TABLE OF CONTENTS Apr 2010 - 1 comment

Anatomy 101: Common Motor Vehicle Accident Injuries

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By: Judy Farrimond And Angela Veri

As insurance professionals, when we manage motor vehicle injury (MVA) claims we conduct a range of activities like interviewing clients, reviewing medical documentation, and liaising with a range of healthcare professionals. As a result, we gain a lot of medical rehabilitation knowledge -knowledge that is invaluable in the rehabilitation planning process. The more we know about the parts of the body that are most commonly injured in MVAs, the greater our insight into how to most effectively manage file progress, as well as empathize with our clients.

The big three: brain, spine and shoulder

To allow us to do all that we need and want to do, we require our brain to interact with all of our various body parts. Especially important in terms of mobility are our spine and shoulders -- precisely the areas that are most commonly damaged due to a collision. Enhancing our anatomy knowledge and, in turn, our injury knowledge, should lead to maximum MVA outcomes for your clients.

Acquired brain injury

Each part of the brain is responsible for facilitating different types of behaviours. If your MVA client has been diagnosed with an acquired brain injury (ABI) or you suspect an ABI, knowing the location of the lesion, as well as observing the MVA client's day-to-day activities provides invaluable insight into the nature of the injuries. For instance, the frontal lobe, which is the area right behind the forehead, is responsible for all planned voluntary behaviour including:

• determines our consciousness so that we know what we are doing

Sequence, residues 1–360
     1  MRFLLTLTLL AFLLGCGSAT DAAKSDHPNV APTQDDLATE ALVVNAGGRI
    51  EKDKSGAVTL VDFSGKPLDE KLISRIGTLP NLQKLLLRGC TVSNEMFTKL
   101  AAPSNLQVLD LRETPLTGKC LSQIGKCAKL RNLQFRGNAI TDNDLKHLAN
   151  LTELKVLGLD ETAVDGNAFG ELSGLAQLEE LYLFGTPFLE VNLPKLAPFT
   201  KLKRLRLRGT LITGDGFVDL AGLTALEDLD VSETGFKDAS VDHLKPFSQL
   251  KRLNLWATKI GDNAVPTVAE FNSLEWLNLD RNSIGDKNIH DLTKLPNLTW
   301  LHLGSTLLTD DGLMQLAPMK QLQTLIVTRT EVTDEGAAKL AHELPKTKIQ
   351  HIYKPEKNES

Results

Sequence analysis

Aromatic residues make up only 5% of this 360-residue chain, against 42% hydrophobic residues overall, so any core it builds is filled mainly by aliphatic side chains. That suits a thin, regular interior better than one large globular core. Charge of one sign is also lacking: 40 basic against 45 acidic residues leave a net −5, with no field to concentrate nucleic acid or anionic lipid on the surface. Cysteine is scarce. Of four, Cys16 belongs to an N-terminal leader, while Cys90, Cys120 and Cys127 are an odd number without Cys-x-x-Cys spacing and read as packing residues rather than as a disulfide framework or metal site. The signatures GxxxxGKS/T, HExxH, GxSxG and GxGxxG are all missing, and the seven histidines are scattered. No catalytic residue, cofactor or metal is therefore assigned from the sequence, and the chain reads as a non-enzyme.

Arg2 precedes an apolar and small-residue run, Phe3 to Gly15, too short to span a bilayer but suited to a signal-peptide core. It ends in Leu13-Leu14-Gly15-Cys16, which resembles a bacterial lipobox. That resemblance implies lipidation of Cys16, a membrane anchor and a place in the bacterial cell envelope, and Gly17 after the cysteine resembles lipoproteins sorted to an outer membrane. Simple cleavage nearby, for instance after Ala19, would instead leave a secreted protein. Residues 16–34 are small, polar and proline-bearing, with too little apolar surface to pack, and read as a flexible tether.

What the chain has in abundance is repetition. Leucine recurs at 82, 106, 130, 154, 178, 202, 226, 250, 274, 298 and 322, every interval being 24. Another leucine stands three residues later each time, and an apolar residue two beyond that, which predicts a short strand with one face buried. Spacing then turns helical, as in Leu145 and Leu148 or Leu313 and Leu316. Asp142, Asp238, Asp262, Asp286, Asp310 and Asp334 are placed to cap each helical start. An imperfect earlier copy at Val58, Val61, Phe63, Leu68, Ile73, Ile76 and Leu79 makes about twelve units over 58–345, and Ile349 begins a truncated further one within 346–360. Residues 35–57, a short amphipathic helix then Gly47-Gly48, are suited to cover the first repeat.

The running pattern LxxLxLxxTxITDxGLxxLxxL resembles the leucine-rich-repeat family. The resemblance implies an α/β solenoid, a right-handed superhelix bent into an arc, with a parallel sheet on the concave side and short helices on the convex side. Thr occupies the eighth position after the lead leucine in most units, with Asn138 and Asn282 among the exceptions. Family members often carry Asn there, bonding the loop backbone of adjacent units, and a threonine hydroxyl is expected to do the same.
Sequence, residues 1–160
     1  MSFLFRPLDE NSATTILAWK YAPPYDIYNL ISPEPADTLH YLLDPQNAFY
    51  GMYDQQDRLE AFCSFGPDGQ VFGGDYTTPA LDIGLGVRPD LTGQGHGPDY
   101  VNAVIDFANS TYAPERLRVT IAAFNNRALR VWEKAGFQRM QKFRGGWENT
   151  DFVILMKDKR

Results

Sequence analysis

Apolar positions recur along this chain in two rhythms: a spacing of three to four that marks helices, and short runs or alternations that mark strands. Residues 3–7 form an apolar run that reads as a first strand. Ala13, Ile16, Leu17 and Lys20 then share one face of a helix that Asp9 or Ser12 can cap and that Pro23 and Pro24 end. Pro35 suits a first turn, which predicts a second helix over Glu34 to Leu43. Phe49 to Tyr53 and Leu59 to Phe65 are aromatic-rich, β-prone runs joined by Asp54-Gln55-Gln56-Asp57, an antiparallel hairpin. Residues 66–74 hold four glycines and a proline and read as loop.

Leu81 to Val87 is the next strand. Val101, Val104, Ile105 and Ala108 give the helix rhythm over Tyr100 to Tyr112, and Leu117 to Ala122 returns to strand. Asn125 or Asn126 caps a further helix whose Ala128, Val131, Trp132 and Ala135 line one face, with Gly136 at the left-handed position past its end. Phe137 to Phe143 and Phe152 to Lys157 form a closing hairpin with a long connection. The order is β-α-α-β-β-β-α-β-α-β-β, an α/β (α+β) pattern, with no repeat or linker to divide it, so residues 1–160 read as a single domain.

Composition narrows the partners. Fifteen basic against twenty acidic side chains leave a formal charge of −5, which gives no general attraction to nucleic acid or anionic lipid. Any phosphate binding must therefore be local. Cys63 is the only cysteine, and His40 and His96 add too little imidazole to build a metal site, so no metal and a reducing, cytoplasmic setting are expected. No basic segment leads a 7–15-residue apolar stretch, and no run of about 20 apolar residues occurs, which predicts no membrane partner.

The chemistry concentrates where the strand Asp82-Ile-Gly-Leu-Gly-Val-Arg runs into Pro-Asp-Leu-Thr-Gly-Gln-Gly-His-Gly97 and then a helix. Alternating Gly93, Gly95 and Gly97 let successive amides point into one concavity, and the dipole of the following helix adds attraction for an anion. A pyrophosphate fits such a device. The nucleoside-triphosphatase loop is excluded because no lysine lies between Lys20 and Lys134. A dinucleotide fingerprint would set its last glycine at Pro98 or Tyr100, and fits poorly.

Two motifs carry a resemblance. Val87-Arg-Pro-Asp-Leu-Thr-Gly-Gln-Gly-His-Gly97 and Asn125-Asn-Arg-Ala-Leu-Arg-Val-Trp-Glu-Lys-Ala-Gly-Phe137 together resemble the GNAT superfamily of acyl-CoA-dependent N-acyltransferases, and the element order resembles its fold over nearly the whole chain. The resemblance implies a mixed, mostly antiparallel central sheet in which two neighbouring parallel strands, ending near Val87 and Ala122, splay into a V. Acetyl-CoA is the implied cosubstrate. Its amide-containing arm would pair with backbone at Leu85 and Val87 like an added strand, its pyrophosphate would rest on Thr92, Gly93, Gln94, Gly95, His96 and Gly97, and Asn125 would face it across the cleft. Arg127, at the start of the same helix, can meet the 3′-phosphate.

• determines personality

• initiates activity in response to our environment

• establishes our memory of habits and motor activities

• controls our emotional response, creates judgments and controls inhibition

• controls language, creates word associations, and assigns meaning to words

Consequently, an MVA client who has damage to the frontal lobe may experience any or all of the following:

• inability to focus on tasks and/or plan and sequence the movements to conduct tasks that involve multiple steps

• changes in social behaviour such as loss of spontaneity

while interacting with others and inappropriate sexual behavior

• persistent focus on a single thought

• personality and mood changes

• difficulty with problem solving including loss of flexible thinking

• inability to express language

By contrast, the parietal lobe, which is near the back and top of the head, is responsible for perceiving, analyzing and assembling touch information from the body. Overall, this lobe integrates our various senses to understand concepts and make sense of the world. With damage to the parietal lobe, your MVA client may not have difficulty with focusing, problem solving or social behaviour, as may be the case with damage to the frontal lobe, however, your client may experience:

• inability to attend to more than one object at a time and/or name an object

• difficulty locating the right words for writing

• problems trying to read or do mathematics

• difficulty drawing objects and/or distinguishing left from right

• lack of awareness of certain body parts and/or surrounding space resulting in problems with self-care

• inability to focus visual attention and problems with eye/hand coordination